Currently more than 2,000 new cases are registered every day. But at that level of transmission, Dr. Lee says the isolation system is beginning to feel the strain.
The Australian setting
Australia prides itself on its strict quarantine standards for returning international travelers, even those who tested negative and were double vaccinated.
But it is a different story for positive cases in the community. In most cases, you are asked to self-quarantine at home.
Epidemiologist Alexandra Martiniuk from the University of Sydney says that quarantine outside the home is “the gold standard” in terms of reducing transmission, while quarantine at home has been associated with a high rate of family transmission.
“I know of families where it passes from one person to another … and they all end up in quarantine for six, seven or eight weeks,” said Professor Martiniuk.
But now there is a debate as to whether Australia should even target zero transmission of COVID-19.
“Some people believe that when vaccines become very, very high in a total population, we will not quarantine or isolate positive cases, because it will only need to circulate,” Professor Martiniuk said.
Could Korea’s COVID quarantine model work in Australia?
Michael Toole, one of Australia’s leading public health experts, has closely followed the course of the disease in South Korea and believes Australia could learn from it.
He is particularly keen for the ‘COVID zero’ states of Queensland, Western Australia, South Australia and Tasmania to follow Korea’s lead and isolate positive cases away from home.
Dr. Toole says that given the reproductive rate of the Delta strain, positive cases should be isolated as quickly as possible.
“The average number of people that an infected person infects if they are not vaccinated is about five. Therefore, it is double the starting strain from last year,” he said.
“If someone gets infected and enters your home, almost everyone in the family will be infected and it can affect other people.”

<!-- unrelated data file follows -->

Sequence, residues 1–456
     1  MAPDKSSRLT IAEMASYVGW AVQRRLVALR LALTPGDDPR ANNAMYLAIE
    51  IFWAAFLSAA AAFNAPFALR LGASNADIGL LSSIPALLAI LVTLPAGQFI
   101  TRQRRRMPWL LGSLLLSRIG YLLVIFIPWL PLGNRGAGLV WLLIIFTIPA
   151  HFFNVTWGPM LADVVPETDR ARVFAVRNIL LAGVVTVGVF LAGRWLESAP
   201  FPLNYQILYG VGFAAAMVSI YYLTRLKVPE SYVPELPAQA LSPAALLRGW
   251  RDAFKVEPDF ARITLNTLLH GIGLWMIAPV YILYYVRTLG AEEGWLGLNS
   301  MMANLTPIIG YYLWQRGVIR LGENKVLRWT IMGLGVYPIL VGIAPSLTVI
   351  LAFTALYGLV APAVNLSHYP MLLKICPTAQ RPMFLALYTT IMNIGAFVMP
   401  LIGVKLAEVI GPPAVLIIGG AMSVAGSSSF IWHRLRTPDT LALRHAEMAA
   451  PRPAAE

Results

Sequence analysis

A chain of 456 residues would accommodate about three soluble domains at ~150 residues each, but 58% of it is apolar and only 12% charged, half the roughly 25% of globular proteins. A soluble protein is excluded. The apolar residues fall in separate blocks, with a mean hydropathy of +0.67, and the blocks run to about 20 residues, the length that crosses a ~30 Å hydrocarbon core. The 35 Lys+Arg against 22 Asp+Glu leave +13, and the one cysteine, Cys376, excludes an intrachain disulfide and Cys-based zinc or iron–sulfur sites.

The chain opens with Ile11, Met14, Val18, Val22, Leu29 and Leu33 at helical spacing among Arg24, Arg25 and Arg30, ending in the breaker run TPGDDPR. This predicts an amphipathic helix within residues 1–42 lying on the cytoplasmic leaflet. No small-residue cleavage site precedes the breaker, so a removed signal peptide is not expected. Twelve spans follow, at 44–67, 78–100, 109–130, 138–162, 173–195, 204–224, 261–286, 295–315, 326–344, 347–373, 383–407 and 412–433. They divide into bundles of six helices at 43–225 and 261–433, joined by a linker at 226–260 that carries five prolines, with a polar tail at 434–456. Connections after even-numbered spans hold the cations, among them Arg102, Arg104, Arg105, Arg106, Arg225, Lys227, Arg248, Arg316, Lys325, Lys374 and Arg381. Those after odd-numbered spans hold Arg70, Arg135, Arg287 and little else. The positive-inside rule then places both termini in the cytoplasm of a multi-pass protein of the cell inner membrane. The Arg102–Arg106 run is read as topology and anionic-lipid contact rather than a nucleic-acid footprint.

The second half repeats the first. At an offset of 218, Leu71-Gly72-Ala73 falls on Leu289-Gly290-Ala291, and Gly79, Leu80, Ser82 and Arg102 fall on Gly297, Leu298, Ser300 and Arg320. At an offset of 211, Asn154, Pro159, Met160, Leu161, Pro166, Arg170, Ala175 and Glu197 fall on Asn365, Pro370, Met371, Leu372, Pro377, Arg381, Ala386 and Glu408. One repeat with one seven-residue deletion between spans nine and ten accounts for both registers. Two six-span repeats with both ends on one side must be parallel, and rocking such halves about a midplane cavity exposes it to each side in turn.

Dr. Toole says that while the Korean model is logistically challenging and would require an investment of resources, it can be done, especially when the number of cases is low.
There is a high cost to removing someone from their usual home and isolating them elsewhere, both in terms of money and agitation for the individual, but Dr. Toole believes it could still work.
“Australians have quite complied with most of the restrictions. Of course, not all, but most of the people,” he said.
“I think that if they understood that this was protecting their family from getting infected and possibly seriously ill, they would accept it, as long as it is explained in a very detailed way.”
Dr Toole also said Australia’s focus on international travelers as a risk was starting to look out of date.
“The balance between those two requirements – keeping the virus out of the country, which is a little late now, and avoiding further spread when we already have outbreaks – that risk-benefit balance may have shifted now,” he said.
“In terms of community-wide transmission, it may make more sense to use those facilities for people who we know are infected.
“And for those travelers who arrive who are fully vaccinated and test negative on arrival, they could go into home quarantine.”
Australians are understandably expecting fewer restrictions as vaccination rates continue to rise, but Dr Toole says there is still a need to keep the number of cases as low as possible.
“You have to reduce the numbers. We have seen in other countries that have opened restrictions while still reporting a large number of cases, [they] They have had peaks, like Israel and the UK, parts of the US, and Singapore.
“They have experienced lower hospitalization rates, but still, particularly in England and Wales, hospitals are under a lot of pressure.”